Chem Technologies Shifts Plant Location to Avoid Bedrock
Chem Technologies is relocating its proposed 36,000-square-foot production and warehouse facility, but it's not going very far.The Middlefield operation was planning to build its second…
Chem Technologies is relocating its proposed 36,000-square-foot production and warehouse facility, but it’s not going very far.
The Middlefield operation was planning to build its second facility on a road off state Route 528 south of state Route 87.
Plans for the 188-acre property owned by Bonner Farms WV, LLC, included a cul de sac off 528.
Randall Vancura, chief operating officer for Chem Technologies, said last Thursday that soil borings on the proposed cul-de-sac turned up bedrock only seven feet from the surface. He told Middlefield Planning Commission the shale would cause problems with future construction.
The preliminary drawing he showed the commission sketched in additions to the initial building, which will house a production line and warehousing, Vancura said.
No plans have been submitted to the village zoning inspector for approval yet, but a discussion with the commission seemed warranted, he said.
“Just so you know this is our expectation,” Vancura said.
The company has negotiated with Bonner Farms CEO Dick Bonner to build on a multi-acre parcel about 1,000 feet north at the corner of 87 and 528, he said.
Initially, a construction drive would be needed and, later, two curb cuts would be necessary for the office parking lot and access for trucks, Vancura said.
One reason the drawing was just preliminary is that the map is still in a fluid state.
“The plats have changed from what we saw earlier,” he said, adding the parcel Chem Technologies plans to build on should be firm soon so construction can begin this summer.
“The drivers (of construction) are going to be excavation,” Vancura said.
However, if more bedrock is found as footers are dug, delays could ensue, he said.
Not all delays are bad. Original plans were to start excavation in December, when footers were to go in. It would not have been good, Vancura explained.
“With all the rain we had in December, it would have been a disaster,” he said.
Test bores of the northern location show that bedrock is about 20 feet below the surface, which is acceptable, he said.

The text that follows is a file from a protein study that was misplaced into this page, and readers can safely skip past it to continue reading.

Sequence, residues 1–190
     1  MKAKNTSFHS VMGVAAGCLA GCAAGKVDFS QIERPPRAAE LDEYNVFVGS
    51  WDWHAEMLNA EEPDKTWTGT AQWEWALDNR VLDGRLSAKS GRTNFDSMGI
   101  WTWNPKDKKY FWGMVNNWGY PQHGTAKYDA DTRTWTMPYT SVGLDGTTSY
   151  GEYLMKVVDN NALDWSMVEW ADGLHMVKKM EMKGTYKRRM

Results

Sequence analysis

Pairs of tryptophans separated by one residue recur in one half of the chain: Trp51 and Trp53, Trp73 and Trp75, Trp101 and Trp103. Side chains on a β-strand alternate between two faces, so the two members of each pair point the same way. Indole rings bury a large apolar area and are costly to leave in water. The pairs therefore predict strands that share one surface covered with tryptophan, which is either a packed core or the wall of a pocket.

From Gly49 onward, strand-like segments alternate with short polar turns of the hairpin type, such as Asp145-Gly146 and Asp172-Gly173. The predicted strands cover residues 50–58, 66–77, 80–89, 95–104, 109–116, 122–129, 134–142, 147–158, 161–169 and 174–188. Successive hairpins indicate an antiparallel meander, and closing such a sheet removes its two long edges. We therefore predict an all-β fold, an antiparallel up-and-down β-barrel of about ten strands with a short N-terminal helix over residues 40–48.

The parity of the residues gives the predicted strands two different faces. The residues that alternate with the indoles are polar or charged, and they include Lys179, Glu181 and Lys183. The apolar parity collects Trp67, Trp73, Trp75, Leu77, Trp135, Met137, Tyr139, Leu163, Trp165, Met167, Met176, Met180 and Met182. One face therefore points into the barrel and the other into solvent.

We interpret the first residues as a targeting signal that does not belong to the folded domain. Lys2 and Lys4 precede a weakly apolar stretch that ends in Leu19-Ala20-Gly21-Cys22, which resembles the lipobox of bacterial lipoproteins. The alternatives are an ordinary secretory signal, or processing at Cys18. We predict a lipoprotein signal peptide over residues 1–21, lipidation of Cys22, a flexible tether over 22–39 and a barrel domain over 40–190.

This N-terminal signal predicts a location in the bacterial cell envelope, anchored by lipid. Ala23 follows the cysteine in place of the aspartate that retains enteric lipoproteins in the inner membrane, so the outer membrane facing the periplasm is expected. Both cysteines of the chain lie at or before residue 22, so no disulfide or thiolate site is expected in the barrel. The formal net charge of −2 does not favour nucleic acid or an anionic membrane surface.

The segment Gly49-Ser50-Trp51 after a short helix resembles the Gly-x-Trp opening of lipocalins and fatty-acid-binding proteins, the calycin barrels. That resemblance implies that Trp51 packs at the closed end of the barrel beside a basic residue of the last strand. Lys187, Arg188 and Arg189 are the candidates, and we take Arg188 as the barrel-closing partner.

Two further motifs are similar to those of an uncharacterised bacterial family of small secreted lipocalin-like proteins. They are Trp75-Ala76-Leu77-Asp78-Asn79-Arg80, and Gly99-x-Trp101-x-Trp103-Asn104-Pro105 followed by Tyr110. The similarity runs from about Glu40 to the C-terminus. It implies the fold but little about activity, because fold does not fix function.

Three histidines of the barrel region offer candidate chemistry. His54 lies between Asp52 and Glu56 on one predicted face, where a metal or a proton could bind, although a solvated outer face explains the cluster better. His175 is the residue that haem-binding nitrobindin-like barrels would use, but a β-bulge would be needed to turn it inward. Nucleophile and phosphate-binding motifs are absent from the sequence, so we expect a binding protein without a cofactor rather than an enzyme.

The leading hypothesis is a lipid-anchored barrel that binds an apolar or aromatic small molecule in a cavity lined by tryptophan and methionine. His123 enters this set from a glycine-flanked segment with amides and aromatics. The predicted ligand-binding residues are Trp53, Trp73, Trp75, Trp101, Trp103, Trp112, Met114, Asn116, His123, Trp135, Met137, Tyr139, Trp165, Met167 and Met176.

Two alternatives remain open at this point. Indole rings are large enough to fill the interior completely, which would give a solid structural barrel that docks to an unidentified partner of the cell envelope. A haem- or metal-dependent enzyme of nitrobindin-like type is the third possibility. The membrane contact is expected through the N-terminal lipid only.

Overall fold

As the facility enlarges in phases going south, it is possible contractors will have to deal with bedrock for subterranean construction, but if the initial phases are producing a healthy return on investment by then, there will be resources to “harvest” or chip the rock out of the way and use the material on the property,?Vancura said.
The second addition could be twice the size of the first facility, with a potential build-out of about 250,000 square feet, he said.
The company is a supplier of custom single and multiple ingredient blends in a pre-weighed and prepackaged delivery system. Each of the buildings will support a production line and warehousing, Vancura said.
“We’ll fill them up with highly-paid employees,” he said.
The Chem Technologies plant on Route 87 employed about 72 workers a year ago. The company has 76 employees now, who received bonuses at the end of 2013, which was a record year, Vancura said.
The company experienced growth of about 40 percent in 2013, 50 percent in 2012 and more than 50 percent in 2011, he said last Thursday.
“Our average annual growth rate is not too shabby,” Vancura said after his presentation.
The acreage includes plans for a very large retention pond on the parcel that will drain about half of the Bonner property.
Village Mayor Ben Garlich likened the building of the facility on the Bonner industrial property, annexed by the village last year, to getting an anchor store for a strip mall.
“I think the property will flourish,” Garlich said.
Commission member Scott Klein said there is no problem with the two driveways on 528.
Vancura said one concern is the retention pond is not included in the property Chem Technologies is going to use. That may mean construction could eventually exceed the village’s 50-percent limit on parcel coverage, he said.
Zoning Inspector Steve Roessner said it looks like about 40 percent coverage.
“We’re still crunching the numbers,” Vancura said. “You don’t know until you bore.”
The current drawing he presented shows several hundred feet between the parcel and the residences on Route 528, he said.
If excavation is to start in March, details must be nailed down.
“We need the actual, final drawing to get approved,” Vancura said.
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